Virtual RealityPosted: October 5, 2008
For me blog writing is a way to record my thoughts and to iterate. At times is might sound like ramblings, but I hope that down the road my blogs will become more clear as my thoughts will. I’ve written blogs on Second Life and social networking sites like Facebook, MySpace, etc. in the past. I want to use this article to refresh my views and tie the two together.
I don’t think that Second Life has reached its full potential and I do not think that it ever will. It is more about 3D space than social interaction. The controls are too difficult for most users to take full potential off and communication is limited to the same basic functions that real life communication would… except being through Avatars. I find the multitude of SIMs games fascinating. Why Electronic Arts has not created a World of Warcraft type of environment based on the SIMs framework to compete with Second Life is beyond me.
Virtualizing emotion in a easy to use manner is the real problem. In the real world emotion is conveyed words, intonation, facial expressions, etc. Why cant we use the same in the virtual space. A web cam and basic facial character recognition software to interpret facial impressions and paste those on the avatar could be one step. Chatting is great, but it does not carry intonation. We all have microphones and basic voice alteration is not an issue. We can look and sound the way we want in a virtual world and still act out the roles that we choose in a very human way.
As with any social community to role of the platform provider is to enable and to seed interaction. Community members are expected to participate and give the community life. One of the strongest tools for fostering participation in my experience is recognizing alpha members. Alpha members form an elite with in the community that other members look up to. Alpha members take over the role of seeding and help to mold the direction that the community takes. Alpha members are not affiliated with the platform provider and are seen as independent and uncorrupted by commercial interests. Recognition must always be based on pier endorsement. The community recognizes those that enable the community to evolve in an ideal direction from a community culture perspective.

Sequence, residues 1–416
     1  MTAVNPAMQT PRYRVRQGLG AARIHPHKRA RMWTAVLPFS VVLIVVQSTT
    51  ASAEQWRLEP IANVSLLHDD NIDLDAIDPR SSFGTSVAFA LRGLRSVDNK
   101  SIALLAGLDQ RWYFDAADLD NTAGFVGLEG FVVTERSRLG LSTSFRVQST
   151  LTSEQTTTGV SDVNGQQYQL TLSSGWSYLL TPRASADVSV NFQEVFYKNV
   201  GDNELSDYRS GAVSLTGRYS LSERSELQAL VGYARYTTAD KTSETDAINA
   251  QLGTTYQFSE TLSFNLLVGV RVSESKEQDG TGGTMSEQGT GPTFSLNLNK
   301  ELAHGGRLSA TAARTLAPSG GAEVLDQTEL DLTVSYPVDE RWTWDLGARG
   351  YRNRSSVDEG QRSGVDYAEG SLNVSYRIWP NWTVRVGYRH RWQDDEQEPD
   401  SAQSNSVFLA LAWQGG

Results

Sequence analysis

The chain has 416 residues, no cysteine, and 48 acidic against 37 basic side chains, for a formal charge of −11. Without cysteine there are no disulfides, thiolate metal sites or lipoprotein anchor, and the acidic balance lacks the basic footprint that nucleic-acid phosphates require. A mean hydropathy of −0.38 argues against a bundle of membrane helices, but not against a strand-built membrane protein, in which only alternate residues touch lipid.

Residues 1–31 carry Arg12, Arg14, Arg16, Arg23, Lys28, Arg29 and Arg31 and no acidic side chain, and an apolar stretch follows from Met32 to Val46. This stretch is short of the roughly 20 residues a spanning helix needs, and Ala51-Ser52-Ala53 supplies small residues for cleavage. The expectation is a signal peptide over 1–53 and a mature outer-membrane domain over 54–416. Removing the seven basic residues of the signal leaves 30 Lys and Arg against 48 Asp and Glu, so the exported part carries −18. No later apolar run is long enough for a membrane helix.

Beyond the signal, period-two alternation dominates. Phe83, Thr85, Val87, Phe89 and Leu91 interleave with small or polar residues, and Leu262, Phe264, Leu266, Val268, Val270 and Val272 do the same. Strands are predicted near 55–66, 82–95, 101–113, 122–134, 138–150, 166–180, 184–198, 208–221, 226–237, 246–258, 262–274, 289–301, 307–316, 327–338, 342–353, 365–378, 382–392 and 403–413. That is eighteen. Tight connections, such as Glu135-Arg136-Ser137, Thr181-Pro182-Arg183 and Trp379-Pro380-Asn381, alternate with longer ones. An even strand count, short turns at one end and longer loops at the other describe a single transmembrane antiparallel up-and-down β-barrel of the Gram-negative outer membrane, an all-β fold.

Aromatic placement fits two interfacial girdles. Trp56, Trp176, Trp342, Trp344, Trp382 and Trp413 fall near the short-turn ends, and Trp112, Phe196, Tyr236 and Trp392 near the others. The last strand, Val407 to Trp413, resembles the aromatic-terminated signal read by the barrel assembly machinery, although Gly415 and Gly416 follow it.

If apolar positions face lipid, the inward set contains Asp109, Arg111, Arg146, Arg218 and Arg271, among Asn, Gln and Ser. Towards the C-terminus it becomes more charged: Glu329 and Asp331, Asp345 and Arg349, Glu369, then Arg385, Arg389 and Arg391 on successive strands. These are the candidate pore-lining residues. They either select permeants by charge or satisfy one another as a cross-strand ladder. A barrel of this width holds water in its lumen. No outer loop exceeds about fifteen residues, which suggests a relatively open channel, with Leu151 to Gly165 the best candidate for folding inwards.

Communication is not a social goal in itself. Sharing of experiences through communication is the basic goal of any social network. It may be through images, written articles or discussion. Now through my Avatar I can communicate who I want people to see me as. I can add to that by customizing my own "home" in the virtual space. I am free to communicate with others conveying real life facial emotions and intonation without revealing my true identity freeing me to reinvent myself. Technology enables me to share images, video and thoughts in a simple way. The platform should also have situational awareness and be intelligent enough to filter the mass of experiences in the space to those that will be of interest to me. If I like snow boarding it should be a simple enough thing for me to get introduced to other avatars with similar inclinations. This in general is an issue with modern communities and the web in general. The amount of content has exploded and without "awareness" even the most modern search engines are based on key word searches.